Solar Export Charges Blog | Calculator

Another realistic option would be community batteries and no exporting charges, which would allow households within a certain area to combine their excess and store it in a big battery. The excess would then be spread evenly between all of the households within that area, lowering bills for you and your neighbours even more!

So… Where to From Here?

With all these proposed changes flying around, it’s important to remember one thing. Solar is still definitely worth it; even if they lower the amount that you can make off feed-in tariffs, you’ll still be saving a bunch on your power bills. That part hasn’t changed! The AEMC has encouraged everyone to have their say on the proposed changes. Get in quick; you’ve got until the 13th May 2021. Click here to go straight to the contact page on their website!

If you have any more questions, find us on social media and send us a direct message. Hopefully we’ve been able to clear up a few things for you and help to understand what’s going on in this space.

 

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Understanding Batteries

Off-Grid Systems

For some households a battery system can be of great benefit and minimise a home’s reliance on the grid. However, it’s important to understand for a battery to be useful your solar system needs to be generating excess energy for the battery to store, which you can then use at night or when the sun is not out.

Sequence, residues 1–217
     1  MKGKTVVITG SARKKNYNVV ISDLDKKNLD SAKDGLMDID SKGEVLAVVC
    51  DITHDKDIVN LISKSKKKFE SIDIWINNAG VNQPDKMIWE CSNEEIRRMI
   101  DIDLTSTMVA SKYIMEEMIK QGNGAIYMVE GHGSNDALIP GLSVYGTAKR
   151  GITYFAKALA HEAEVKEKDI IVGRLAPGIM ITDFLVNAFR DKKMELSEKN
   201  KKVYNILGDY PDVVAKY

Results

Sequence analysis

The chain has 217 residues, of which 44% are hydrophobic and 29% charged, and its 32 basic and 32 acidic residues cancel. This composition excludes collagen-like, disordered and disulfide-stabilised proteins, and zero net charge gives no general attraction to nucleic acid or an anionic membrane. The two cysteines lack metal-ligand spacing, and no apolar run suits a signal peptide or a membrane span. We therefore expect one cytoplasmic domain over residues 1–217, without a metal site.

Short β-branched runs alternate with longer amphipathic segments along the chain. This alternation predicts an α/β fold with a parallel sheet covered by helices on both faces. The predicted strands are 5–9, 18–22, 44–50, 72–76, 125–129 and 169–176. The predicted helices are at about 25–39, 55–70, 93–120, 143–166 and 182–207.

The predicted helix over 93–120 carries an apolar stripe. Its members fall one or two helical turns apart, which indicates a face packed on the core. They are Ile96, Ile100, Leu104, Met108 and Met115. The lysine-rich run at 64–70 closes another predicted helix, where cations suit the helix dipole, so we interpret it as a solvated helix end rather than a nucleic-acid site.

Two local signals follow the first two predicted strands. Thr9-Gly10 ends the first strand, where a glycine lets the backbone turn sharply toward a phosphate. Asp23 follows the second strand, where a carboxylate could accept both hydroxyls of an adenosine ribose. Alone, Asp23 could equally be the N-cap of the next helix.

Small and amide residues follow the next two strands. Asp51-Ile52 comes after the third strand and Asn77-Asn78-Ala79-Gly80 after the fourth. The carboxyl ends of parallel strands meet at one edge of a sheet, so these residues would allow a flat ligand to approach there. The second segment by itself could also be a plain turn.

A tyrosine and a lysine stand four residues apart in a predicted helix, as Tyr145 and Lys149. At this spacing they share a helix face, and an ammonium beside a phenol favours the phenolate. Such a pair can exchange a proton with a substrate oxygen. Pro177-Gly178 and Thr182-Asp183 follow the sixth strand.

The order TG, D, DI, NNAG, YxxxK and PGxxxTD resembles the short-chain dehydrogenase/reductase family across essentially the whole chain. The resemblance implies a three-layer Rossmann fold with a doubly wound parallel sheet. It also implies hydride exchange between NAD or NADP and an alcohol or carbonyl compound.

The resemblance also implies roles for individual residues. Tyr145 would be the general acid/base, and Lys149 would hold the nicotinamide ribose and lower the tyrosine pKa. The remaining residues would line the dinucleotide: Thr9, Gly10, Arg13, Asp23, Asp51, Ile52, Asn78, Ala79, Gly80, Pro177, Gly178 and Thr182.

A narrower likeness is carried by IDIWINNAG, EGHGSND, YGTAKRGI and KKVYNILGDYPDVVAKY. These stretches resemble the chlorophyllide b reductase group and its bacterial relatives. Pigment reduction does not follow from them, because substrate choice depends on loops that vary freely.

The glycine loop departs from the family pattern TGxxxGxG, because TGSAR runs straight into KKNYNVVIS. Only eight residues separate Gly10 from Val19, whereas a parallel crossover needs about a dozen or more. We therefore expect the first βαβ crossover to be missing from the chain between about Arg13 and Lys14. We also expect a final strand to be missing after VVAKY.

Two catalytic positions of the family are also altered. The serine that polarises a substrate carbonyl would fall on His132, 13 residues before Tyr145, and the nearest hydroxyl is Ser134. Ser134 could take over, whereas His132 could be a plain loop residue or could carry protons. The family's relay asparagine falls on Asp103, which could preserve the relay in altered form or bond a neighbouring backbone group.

When selecting a battery, you’ll want to invest in a system that is most suited to your home and can drive the best return on investment (ROI). Despite a larger upfront cost, a higher quality battery may significantly increase your ROI.

    Battery systems start from $6,000 and costs can vary greatly based on the following factors:

  1. Cycle Life-Time

    The number of times a battery can fully charge and discharge.

  2. Battery Power (kW)

    How fast it can be charged or discharged.

  3. Storage Capacity (kWh)

    The maximum amount of energy a battery system can store.

  4. Battery Management System (BMS)

    An electronic ‘smart’ system that gathers data and manages the battery ensuring it does not overload or operate outside of its safe functioning zone..

  5. Inverter

    Battery systems require their own inverter if your solar system does not have a hybrid inverter.

  6. 'All-In-One Unit’

    A system which includes the battery, BMS and an inverter all in one unit.

  7. Warranty

    Length of time or cycles the battery system is under guarantee.

  8. Blackout Protection/Backup

    It’s important to note this is not a common feature of a battery system and could cost thousands of dollars to include. Blackout protection not only requires additional components but also a specialised installation and rewiring. For grid-connected homes, the cost for blackout protection can outweigh the benefit.

Additionally, if your purpose for adding battery is to go Off-Grid and become completely independent from the grid you will need to ensure your solar system can generate enough energy to power your home and your battery system is large enough to store this energy. For homes in metro areas going Off-grid is not cost effective and is only recommended for those in remote areas with limited access to the grid. Off-grid solar systems with battery start at approximately $30,000.